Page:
Frank Gehry, a Carp, and Your Bubbie Walk into a Shabbat Dinner: The History of Gefilte Fish

If you’ve ever sat down for a Sabbath or Rosh Hashanah dinner with your family, you’ve probably seen it: a plate filled with gefilte fish. Maybe you arrived early and found a live carp swimming in the bathtub, blissfully unaware of its Sabbath fate. Gefilte literally means stuffed in Yiddish, making its name “stuffed fish.” Gefilte fish remains a classic, but why is it so ubiquitous? Interestingly, gefilte fish has holy roots, according to Chabad.org and The Gefilte Fish Chronicles: Companion Cookbook compiled by Iris Burnett.

Chabad.org points out that in the Torah’s depiction of the creation of the world, the word “blessing” is used three times, referring, in order, to the creation of fish, man, and Shabbat. Because it is a fish eaten by man on Shabbat, Gefilte fish is actually a triple blessing in disguise! Additionally, Chabad.org explains that each of the Hebrew letters has an assigned numerical value, and the letters in the Hebrew word for fish (dag) add up to seven. Therefore, it is fitting to eat fish on the seventh day of the week, the Sabbath. Finally, there is a tradition that when the messiah comes, the main dish at the great celebratory feast will be the Leviathan, or the primordial giant fish referred to briefly in the Bible. Sabbath fish, while not as gargantuan as this mythological beast, remind us of the possibility of future redemption.

But what makes gefilte fish different from all other fish? “The Gefilte Fish Chronicles” has some answers for us here: it’s all in the bones (or the lack thereof!). According to Jewish law, one cannot separate the edible parts of a fish from the indelible parts on the Sabbath, meaning that the carp had its bones removed on Friday. Before refrigeration was available, chopping the fish, adding onions or other vegetables, and then cooking the fish ensured that it did not go bad by Saturday. And so the gefilte fish was born.

gehry_sculture_fishWhile many Jews opt for premade or canned gefilte fish, the enduring legacy of the carp in the bathtub lives on. Renowned architect Frank Gehry, born Frank Goldberg, known internationally for his works, especially his fish inspired designs (pictured here), gleaned inspiration from childhood adventures to the fish market with his grandmother. In an interview, Gehry described the impact of these childhood gefilte memories, “In Toronto, when I was very young, my grandmother and I used to go to Kensington, a Jewish market, on Thursday morning. She would buy a carp for gefilte fish. She’d put it in the bathtub, fill the bathtub with water, and this big black carp—two or three feet long—would swim around in the bathtub and I would play with it. I would stand up there and watch it turn and twist . . . and then she’d kill it and make gefilte fish and that was always sad and awful and ugly.” However, he later came back to the beauty in the fish. “I was watching the beauty of carp swimming in a pool in Japan and thinking about how elegant and architectural they were. It inspired a beginning of a study of these forms . . . That study took a few years. It then became a language that I guess became Bilbao and a few other projects.” In Gehry’s buildings, we can physically see the history of Jewish cuisine around us.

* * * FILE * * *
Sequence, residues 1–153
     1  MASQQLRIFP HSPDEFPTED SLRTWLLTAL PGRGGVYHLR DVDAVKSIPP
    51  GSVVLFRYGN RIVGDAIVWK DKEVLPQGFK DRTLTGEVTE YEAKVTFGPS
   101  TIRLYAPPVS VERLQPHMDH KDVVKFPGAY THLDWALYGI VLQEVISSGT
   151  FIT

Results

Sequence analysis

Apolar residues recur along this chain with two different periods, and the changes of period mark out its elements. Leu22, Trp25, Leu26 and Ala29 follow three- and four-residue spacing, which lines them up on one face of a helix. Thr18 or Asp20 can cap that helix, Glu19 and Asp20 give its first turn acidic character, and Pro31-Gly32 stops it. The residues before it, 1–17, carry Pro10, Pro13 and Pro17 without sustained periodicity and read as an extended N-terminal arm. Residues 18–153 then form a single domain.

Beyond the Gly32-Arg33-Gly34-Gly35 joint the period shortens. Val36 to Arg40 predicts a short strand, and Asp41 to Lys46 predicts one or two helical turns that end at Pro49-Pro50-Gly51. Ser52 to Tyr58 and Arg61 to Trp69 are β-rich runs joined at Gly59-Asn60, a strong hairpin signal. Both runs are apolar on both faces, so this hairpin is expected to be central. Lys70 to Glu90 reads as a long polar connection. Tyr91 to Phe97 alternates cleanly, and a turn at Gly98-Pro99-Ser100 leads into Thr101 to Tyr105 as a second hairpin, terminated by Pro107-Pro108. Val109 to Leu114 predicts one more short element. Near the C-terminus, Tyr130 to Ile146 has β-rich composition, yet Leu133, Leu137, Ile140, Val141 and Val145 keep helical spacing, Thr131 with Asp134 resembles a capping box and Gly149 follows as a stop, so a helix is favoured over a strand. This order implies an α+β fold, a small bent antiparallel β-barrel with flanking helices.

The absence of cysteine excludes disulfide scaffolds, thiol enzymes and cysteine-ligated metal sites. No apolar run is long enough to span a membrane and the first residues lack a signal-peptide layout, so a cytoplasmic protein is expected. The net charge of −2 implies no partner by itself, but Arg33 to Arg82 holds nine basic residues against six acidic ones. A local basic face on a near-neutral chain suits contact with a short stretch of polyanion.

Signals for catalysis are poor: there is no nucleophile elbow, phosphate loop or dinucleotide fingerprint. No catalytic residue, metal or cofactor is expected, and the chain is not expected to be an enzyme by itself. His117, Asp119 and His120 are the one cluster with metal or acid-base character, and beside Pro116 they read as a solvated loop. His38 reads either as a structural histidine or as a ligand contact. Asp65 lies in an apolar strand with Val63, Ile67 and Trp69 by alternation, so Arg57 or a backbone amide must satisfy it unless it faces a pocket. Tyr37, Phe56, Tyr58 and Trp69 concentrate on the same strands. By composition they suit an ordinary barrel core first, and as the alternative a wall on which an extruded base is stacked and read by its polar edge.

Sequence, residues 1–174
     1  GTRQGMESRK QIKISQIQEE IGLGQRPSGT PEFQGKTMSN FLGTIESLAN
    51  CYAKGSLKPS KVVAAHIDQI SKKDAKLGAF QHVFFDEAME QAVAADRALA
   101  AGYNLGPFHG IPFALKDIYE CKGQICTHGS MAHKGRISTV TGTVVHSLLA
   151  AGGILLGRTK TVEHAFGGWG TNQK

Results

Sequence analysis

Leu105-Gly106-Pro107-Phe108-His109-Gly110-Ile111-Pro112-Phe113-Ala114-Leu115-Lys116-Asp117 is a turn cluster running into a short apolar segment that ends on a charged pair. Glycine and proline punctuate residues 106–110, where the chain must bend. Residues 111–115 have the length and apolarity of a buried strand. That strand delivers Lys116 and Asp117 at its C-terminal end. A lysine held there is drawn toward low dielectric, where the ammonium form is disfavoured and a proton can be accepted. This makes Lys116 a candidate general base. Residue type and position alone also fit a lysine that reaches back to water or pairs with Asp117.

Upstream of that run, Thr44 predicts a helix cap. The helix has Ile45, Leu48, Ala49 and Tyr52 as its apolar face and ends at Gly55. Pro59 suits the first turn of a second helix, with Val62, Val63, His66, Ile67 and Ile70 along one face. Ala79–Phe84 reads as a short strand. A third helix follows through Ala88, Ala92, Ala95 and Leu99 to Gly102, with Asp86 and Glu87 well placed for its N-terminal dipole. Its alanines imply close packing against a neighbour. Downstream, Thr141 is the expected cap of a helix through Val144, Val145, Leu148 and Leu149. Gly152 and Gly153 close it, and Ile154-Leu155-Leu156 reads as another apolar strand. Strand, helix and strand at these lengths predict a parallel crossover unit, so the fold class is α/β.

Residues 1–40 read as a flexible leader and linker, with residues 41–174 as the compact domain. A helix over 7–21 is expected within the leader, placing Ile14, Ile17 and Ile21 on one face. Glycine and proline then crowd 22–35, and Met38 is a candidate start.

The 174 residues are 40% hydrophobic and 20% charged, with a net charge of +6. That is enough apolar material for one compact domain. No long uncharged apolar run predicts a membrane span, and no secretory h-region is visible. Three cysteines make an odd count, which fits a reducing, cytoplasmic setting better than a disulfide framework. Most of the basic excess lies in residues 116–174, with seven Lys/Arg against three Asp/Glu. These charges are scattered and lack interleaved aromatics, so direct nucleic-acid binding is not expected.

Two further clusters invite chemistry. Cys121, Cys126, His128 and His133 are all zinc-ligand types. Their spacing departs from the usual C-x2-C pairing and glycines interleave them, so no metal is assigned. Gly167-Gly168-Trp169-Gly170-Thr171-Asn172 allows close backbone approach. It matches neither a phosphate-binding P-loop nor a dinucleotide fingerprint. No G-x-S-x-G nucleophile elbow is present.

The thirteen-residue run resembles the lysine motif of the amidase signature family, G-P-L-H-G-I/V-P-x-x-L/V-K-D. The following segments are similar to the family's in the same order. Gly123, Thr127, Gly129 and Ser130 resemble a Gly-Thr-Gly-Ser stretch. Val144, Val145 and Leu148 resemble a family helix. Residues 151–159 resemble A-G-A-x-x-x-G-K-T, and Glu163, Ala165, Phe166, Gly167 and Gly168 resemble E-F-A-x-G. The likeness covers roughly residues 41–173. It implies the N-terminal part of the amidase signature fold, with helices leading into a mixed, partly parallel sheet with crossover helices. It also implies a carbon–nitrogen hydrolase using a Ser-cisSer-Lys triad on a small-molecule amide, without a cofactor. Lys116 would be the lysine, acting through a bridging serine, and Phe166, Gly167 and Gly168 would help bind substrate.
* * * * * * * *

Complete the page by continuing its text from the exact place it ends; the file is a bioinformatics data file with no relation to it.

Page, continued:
The process for making prepackaged gefilte fish, a product many Jews opt to use, is also fascinating. According to Rabbi Hayum, the plant manager for Manischewitz, Manischewitz produces 4 million pounds of gefilte fish a year! With 6.5 million Jews in America, that’s 3/5 of a pound of gefilte fish for every American Jew. There are about 4½ pieces of gefilte fish per pound, so that’s almost 19 million pieces of gefilte fish a year! He described the surprisingly complicated process for making gefilte fish to us:

“The fish we buy in 45 pound frozen blocks. We use mainly four types: white fish, carp, pike, and mullet. We grind them a second time, and we add the additional ingredients,” Rabbi Hayum said. “Each recipe has a unique twist.” After all of the recipe-specific ingredients are added, the fish are pumped into a holding tank. From there, a machine called an extruder extracts the fish and makes them into that familiar gefilte fish shape. Once the fish are in this shape, they are taken to a blanching table, where they are cooked for three to four minutes. “They are cooked enough so they can be picked up and not fall apart,” Rabbi Hayum said. After that, the fish are manually packed into jars at the factory.

At the same time, broth is simmered in tanks in preparation to be added to the jars. Once the broth is ready, the fish go to a filler, which fills their jars with broth. Then, jars are loaded into large baskets. What happens to these large baskets is perhaps the biggest surprise of the production process. Over 800 baskets can be loaded into a machine called a retort, which is essentially a giant pressure cooker. There, the fish get fully cooked.

While gefilte fish isn’t as well known as it once was, Rabbi Hayum said that demand has remained fairly steady. “A lot of younger people are becoming more gourmet-ish, and they’re buying the frozen stuff and making their own,” Rabbi Hayum said. However, many still opt for the pre-packaged route.

So, the next time you head to Bubbie’s for Shabbat dinner, take a moment to appreciate those balls of fish, whether freshly made or fresh from the pressure cooker. And always remember to check the bathtub before you take a bath!

 

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